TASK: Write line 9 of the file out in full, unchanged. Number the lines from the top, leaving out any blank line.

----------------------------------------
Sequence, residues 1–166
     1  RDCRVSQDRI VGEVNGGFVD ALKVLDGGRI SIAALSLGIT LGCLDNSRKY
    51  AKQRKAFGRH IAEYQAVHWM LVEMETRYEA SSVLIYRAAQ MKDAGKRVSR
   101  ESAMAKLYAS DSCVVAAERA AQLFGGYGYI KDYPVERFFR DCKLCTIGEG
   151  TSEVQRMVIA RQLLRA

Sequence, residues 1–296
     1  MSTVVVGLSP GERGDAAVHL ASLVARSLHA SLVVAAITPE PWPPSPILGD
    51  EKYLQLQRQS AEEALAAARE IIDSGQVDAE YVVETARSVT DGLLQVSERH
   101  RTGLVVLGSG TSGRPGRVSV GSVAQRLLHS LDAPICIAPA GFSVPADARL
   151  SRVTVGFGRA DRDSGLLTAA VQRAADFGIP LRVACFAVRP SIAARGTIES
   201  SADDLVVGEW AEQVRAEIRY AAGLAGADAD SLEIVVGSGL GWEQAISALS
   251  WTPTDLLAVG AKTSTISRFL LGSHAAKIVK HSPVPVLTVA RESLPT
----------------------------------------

   101  RTGLVVLGSG TSGRPGRVSV GSVAQRLLHS LDAPICIAPA GFSVPADARL